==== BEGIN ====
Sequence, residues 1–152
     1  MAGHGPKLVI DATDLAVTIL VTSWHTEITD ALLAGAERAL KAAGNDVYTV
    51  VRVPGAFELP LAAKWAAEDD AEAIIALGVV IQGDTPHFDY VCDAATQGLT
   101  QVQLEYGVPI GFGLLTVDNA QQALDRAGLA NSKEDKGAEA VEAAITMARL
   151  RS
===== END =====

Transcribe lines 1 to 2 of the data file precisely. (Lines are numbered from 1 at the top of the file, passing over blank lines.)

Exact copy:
Sequence, residues 1–152
     1  MAGHGPKLVI DATDLAVTIL VTSWHTEITD ALLAGAERAL KAAGNDVYTV